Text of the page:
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ADHD, ODD or CD A Practical Approach to Treatment David Shadid, D.O.

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Presentation on theme: "ADHD, ODD or CD A Practical Approach to Treatment David Shadid, D.O."— Presentation transcript:

1 ADHD, ODD or CD A Practical Approach to Treatment David Shadid, D.O.

2 Attention-Deficit Hyperactivity Disorder (ADHD)

3 ADHD affects approximately 3% to 6% of children and adolescents, with some estimates as high as 16.1% 1 ADHD affects approximately 3% to 6% of children and adolescents, with some estimates as high as 16.1% 1  The prevalence of ADHD is underestimated 2,3 Comorbidities may mask diagnosis Comorbidities may mask diagnosis Girls with inattentive symptoms are under-recognized and undertreated Girls with inattentive symptoms are under-recognized and undertreated Difficult primary diagnosis in the adolescent Difficult primary diagnosis in the adolescent  A high proportion of youngsters with ADHD grow into adulthood with persistent ADHD symptoms 4 Leads to problems with social function, poor occupational achievement, and driving Leads to problems with social function, poor occupational achievement, and driving ADHD = attention deficit hyperactivity disorder. 1. Goldman LS et al. JAMA. 1998;279: ; 2. Datamonitor report DMHC2008, published 9/2004; 3. Biederman J et al. J Am Acad Child Adolesc Psychiatry. 1999;38: ; 4. Barkley RA. J Clin Psychiatry. 2002;63: Prevalence of ADHD in Children and Adolescents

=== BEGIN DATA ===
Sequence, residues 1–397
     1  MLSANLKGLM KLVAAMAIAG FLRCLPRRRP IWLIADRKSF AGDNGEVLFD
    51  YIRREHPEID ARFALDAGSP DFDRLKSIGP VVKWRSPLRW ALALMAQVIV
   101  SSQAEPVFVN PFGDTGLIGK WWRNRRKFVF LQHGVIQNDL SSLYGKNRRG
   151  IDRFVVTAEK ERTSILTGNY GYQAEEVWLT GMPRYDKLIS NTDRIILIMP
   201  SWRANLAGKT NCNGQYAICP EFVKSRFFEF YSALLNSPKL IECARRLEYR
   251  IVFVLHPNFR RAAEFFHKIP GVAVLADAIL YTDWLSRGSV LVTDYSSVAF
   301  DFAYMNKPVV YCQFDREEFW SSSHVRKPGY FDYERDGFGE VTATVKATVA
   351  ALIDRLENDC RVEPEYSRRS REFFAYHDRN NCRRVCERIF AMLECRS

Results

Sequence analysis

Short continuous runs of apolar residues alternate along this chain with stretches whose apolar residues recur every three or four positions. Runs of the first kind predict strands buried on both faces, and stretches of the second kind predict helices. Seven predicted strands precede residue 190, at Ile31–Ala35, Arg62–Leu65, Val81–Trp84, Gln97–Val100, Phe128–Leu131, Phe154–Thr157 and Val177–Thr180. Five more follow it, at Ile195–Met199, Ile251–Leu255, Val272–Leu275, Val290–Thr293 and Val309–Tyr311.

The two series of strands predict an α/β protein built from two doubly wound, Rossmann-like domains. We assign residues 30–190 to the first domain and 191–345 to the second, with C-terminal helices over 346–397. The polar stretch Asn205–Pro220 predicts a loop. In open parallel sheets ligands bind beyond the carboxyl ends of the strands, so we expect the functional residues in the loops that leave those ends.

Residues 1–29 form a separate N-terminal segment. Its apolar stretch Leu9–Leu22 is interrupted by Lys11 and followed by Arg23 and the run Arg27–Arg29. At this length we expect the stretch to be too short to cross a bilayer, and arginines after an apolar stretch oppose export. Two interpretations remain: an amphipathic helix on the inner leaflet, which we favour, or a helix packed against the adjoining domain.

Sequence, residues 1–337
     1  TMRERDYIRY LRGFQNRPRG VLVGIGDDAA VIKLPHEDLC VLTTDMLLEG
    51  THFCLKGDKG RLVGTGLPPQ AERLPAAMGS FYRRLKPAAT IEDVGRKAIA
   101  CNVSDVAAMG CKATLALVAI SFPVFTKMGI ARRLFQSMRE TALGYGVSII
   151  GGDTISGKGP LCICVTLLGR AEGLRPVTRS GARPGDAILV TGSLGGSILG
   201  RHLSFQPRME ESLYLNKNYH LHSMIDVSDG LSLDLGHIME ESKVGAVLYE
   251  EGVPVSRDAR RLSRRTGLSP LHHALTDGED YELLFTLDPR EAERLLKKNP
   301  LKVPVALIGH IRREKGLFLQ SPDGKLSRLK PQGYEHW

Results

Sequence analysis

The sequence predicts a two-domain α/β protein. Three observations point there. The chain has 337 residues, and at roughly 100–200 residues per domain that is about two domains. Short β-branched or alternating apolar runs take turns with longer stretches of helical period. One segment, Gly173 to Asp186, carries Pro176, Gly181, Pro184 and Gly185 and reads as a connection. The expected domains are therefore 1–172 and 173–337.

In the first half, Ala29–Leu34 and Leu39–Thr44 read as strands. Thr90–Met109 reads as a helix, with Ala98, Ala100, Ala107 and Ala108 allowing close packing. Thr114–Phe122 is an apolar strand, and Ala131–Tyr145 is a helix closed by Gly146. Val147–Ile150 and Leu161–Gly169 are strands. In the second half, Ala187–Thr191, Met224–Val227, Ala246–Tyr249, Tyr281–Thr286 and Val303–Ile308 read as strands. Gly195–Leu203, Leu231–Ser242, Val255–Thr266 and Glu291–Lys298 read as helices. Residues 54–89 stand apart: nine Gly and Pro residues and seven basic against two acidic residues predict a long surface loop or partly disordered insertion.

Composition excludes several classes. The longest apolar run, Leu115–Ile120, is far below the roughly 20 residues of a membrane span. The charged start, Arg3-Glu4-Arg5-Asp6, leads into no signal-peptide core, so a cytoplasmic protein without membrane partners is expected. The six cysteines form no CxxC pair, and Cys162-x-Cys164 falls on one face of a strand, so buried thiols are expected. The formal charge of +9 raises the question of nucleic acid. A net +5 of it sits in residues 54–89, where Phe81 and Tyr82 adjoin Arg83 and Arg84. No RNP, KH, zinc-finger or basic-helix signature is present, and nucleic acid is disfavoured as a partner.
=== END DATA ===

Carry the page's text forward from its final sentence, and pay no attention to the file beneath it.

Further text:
4 Difficulty sustaining attention (meetings, reading, paperwork) Paralyzing procrastination Slow, inefficient Poor time management Disorganized Difficulty sustaining attention Doesn’t listen No follow through Can’t organize Loses important items Lifetime Course of ADHD Symptoms: Inattention Domain ChildhoodAdult APA. Diagnostic and Statistical Manual of Mental Disorders, Fourth Edition (DSM-IV-TR) Weiss MD, Weiss JR. J Clin Psych. 2004;65(suppl 3):27-37.

5 APA. Diagnostic and Statistical Manual of Mental Disorders, Fourth Edition (DSM-IV-TR) Weiss MD, Weiss JR. J Clin Psych. 2004;65(suppl 3): Inefficiencies at work Can’t sit through meetings Can’t wait in line Drives too fast Self-selects very active job Can’t tolerate frustration Talks excessively Makes inappropriate comments Interrupts others Squirming, fidgeting Can’t stay seated Can’t wait turn Runs/climbs excessively Can’t play/work quietly On the go/driven by motor Talks excessively Blurts out answers Intrudes/interrupts others ChildhoodAdult Lifetime Course of ADHD Symptoms: Hyperactivity/Impulsivity Domain